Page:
I forgot about that.

Technically, we will be in violation of one or two international treaties, as is Uruguay. The US has less ammo now with states legalising mj, but they are technically not in violation because of the federal level prohibition.
19
Oh look. Dave's "forgotten" everything I've written to him on this subject. It's as though he's never heard of Walther's law. Fancy that. Daves got a mind like a steel trap - as in dense and closed.

Beginning to think he hasn't even figured out how to get to Zombie TR and is too proud to ask.

Dave: link to Zombie TR at top of page, between New Replies and Donate. Click. Log in just as you always did, using your old password.
20
There's not much joy to be had in pointing out to Dave that those menacing objects confronting him are, indeed, windmills, and no attempt to turn them into rabid evil darwinists is going to change the fact that windmills are real non-sentient workaday structures without volition or intention.

The windmills are there.

The rocks are there.
21
All the sandstones I've posted about so far are CORRELATED.  That means they are THE SAME sandstone ... just given different names by region.

They aren't even exactly the same age. Or the same composition.

These sandstones have been mapped extensively. You are swallowing ICR's 'provincial geology' theory whole, without any evidence that geologists actually work that way. Fact: they don't. Geologists are highly motivated to investigate the whole history of the planet through examination of the geological record. Not communicating or correlating information would work against that goal.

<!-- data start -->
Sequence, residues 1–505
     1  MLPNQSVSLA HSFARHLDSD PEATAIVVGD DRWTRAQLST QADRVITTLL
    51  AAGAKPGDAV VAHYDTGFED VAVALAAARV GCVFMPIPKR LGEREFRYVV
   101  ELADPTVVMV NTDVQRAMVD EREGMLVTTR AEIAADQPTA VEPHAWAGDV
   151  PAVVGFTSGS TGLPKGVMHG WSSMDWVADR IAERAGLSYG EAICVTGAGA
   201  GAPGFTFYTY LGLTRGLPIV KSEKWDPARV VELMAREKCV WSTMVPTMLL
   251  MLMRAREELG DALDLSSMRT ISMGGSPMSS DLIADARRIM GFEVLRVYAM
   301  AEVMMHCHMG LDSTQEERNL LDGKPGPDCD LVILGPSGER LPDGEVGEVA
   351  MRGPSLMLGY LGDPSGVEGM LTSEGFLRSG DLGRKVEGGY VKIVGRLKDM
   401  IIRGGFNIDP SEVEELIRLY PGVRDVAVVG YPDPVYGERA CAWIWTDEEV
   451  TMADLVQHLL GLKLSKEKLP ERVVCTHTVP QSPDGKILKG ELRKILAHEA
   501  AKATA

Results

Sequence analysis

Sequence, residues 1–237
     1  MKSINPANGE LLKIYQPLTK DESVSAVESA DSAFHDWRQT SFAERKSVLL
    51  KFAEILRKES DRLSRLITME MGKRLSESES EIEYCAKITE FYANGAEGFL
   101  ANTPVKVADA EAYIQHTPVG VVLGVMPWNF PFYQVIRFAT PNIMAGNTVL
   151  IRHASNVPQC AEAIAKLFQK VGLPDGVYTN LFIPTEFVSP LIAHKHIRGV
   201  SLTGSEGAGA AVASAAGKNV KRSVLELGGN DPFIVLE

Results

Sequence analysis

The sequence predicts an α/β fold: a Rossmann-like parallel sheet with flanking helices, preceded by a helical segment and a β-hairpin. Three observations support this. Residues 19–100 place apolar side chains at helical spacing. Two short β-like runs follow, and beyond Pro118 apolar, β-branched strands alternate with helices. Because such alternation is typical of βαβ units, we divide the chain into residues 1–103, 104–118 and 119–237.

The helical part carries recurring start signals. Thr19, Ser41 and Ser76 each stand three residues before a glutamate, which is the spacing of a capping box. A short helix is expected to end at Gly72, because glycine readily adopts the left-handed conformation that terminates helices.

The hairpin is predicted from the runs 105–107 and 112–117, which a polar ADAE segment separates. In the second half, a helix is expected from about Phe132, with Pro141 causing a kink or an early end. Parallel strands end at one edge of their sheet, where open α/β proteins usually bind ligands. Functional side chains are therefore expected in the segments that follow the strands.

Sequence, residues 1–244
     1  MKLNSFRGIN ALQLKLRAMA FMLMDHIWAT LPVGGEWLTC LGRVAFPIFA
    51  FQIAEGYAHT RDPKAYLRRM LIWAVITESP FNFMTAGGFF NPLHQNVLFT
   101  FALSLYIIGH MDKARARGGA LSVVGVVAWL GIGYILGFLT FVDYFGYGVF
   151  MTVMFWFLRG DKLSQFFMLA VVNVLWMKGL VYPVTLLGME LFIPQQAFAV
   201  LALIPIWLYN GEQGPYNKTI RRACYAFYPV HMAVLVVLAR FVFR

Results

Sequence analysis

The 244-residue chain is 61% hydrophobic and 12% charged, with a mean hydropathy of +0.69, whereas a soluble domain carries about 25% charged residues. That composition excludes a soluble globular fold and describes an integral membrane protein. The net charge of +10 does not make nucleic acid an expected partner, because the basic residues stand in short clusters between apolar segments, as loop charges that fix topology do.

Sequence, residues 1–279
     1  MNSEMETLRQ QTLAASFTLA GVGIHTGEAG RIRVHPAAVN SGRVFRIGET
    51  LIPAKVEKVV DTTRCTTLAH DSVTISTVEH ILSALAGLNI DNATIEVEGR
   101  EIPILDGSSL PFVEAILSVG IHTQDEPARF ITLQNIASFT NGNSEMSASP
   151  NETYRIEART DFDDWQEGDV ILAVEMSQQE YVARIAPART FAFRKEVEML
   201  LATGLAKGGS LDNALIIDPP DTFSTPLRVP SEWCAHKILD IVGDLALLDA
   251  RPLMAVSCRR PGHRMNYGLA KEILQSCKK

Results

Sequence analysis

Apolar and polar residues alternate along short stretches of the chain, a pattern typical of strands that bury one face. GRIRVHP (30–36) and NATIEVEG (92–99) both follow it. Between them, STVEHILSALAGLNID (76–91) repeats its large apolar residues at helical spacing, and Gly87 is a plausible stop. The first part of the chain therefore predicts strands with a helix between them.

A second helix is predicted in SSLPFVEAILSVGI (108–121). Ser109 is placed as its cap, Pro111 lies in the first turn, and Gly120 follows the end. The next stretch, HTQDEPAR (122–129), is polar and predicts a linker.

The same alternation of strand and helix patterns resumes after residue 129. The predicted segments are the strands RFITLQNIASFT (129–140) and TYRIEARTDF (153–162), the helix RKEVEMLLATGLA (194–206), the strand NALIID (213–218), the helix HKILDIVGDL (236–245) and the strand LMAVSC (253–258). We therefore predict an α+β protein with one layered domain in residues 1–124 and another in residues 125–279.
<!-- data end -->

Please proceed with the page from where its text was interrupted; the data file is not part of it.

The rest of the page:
The fact that you can look at geological maps that outline the inland sea that formed many of these sandstone deposits, where shallows and depths and ridges and highlands can clearly be seen is a direct refutation of ICR's 'provincialism' notion.

You can look at a modern topological map and still see many of those elevated features, which don't have a sandstone layer, because they were not inundated or subject to aeolian depositions.
22
Dave, you could just copypaste all this from the Zombie TR threads.

You are not treading new ground.
23
I know. :hehe:

I believe taunting was an honourable preliminary to battle in Mediaeval times, so you go, DSA.

Seriously, shame these people as often as possible. Everyone should do it.
24
So DSA = ?
25
Politics and Current Events / Re: Canada legalizes?
Almost happened in 1972. We had great hopes then.

Quote
The Commission of Inquiry into the Non-Medical Use of Drugs, often referred to as the Le Dain Commission after its chair Dean Gerald Le Dain, was a Canadian government commission that was begun in 1969 and completed its work in 1972.
The recommendations of Gerald Le Dain, Heinz Lehmann and J. Peter Stein included the repeal of the prohibition against the simple possession of cannabis and cultivation for personal use.[1] Marie-Andree Bertrand, writing for a minority view, recommended a policy of legal distribution of cannabis, that cannabis be removed from the Narcotic Control Act (since replaced by the Controlled Drugs and Substances Act) and that the provinces implement controls on possession and cultivation, similar to those governing the use of alcohol.[2]
The report also recommended that the federal government conduct further research to monitor and evaluate changes in the extent and patterns of the use of cannabis and other drugs, and to explore possible consequences to health, and personal and social behaviour, resulting from the controlled legal distribution of cannabis.
A total of 365 submissions were presented at the hearings and an additional 50 were forwarded to the Commission's office. About 12,000 people attended and participated in these hearings, which included testimony from a number of prominent individuals including John Lennon on 22 December 1969 in Montreal, Quebec.[3]
Although the report was widely praised for its thoroughness and thoughtfulness, its conclusions were largely ignored by the Trudeau Federal government.[4

https://en.wikipedia.org/wiki/Le_Dain_Commission_of_Inquiry_into_the_Non-Medical_Use_of_Drugs


Trudeau pere did not like recreational drugs, maybe because Margaret did.